As noted previously on this blog, on October 16, 2017, EPA Administrator Scott Pruitt issued a memorandum announcing new policies to avoid what he considered inappropriate approaches to resolving litigation, commonly referred to by the rubric “sue and settle.” The major changes in policy included inviting participation by all interested parties in any settlement negotiations, more aggressive defense of claims based on alleged non-discretionary duties or deadlines, and refusal to pay attorneys fees to plaintiffs in connection with settlements. That policy will soon be tested.
On October 19, 2017, the Sierra Club filed suit against Administrator Pruitt, alleging failure to meet deadlines and complete required assessments and reports under the Renewable Fuel Standards provisions of the Clean Air Act. See Sierra Club v. Scott Pruitt. The complaint presents a standard “failure to perform non-discretionary acts” claim, alleging that the uncompleted non-discretionary acts form the basis for the discretionary decisions required of the Administration. Notably, while the Obama Administration had also not undertaken the alleged non-discretionary actions, it was not sued, but then the Trump Administration has chosen to reverse the course of the Obama Administration with respect to those discretionary decisions.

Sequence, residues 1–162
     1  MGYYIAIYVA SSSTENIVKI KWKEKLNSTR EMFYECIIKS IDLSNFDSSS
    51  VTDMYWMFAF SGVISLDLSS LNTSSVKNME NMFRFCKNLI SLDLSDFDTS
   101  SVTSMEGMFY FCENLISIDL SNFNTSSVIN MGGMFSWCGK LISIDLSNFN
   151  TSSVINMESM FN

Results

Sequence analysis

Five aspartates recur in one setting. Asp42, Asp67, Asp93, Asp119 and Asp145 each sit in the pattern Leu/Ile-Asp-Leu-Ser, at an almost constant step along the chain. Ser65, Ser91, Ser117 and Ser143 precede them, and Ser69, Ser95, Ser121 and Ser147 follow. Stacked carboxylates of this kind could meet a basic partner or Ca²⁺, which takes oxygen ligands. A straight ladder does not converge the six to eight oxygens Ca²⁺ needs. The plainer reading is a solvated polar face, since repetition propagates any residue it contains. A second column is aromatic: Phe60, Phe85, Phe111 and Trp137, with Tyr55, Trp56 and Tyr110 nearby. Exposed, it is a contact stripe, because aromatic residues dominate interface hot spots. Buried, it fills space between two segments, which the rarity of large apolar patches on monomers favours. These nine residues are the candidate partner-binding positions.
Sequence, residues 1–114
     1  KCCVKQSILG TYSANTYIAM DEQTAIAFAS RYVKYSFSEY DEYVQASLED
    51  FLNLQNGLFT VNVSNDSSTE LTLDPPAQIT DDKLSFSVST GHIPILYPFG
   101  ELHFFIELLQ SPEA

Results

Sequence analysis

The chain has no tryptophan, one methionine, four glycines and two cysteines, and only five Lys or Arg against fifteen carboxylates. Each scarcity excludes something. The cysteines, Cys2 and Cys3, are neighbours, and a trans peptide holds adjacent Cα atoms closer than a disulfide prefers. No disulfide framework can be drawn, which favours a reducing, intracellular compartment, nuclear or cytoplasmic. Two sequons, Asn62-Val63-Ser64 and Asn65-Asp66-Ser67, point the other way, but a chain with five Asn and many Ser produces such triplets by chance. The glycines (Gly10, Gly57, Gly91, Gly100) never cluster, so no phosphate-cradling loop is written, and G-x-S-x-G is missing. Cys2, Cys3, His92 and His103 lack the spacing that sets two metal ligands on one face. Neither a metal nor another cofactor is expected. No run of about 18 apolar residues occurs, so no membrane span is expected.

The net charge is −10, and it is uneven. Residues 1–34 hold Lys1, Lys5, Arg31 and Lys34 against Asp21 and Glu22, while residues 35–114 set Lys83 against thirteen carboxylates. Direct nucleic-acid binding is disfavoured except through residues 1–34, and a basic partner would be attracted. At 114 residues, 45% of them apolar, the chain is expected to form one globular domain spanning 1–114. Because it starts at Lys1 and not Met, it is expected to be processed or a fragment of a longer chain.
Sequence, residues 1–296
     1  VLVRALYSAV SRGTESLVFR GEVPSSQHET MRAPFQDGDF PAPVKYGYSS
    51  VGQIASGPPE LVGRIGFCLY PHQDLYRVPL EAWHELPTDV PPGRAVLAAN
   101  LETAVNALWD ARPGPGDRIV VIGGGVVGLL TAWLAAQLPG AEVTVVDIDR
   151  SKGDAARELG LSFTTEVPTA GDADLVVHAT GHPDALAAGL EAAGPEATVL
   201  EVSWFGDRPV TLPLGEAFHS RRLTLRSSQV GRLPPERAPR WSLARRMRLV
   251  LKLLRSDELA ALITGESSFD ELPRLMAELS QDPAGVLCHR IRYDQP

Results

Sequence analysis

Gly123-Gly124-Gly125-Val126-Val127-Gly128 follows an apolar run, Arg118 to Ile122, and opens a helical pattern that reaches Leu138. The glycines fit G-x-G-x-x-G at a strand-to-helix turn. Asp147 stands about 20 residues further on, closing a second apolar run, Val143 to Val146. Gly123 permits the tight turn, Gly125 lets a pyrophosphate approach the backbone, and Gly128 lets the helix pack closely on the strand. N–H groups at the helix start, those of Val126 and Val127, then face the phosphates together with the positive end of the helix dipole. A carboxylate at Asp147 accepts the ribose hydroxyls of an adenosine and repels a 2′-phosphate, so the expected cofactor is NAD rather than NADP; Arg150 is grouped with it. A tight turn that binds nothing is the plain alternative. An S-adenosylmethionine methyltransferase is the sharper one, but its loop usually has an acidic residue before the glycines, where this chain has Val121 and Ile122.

What It Means
The suit is unlikely to result in any policy change by the Trump Administration. However, it should provide an early glimpse of how the new agency settlement policies will work in practice, and more specifically, whether the policies will result in more protracted litigation, with fewer settlements and more court-directed deadlines.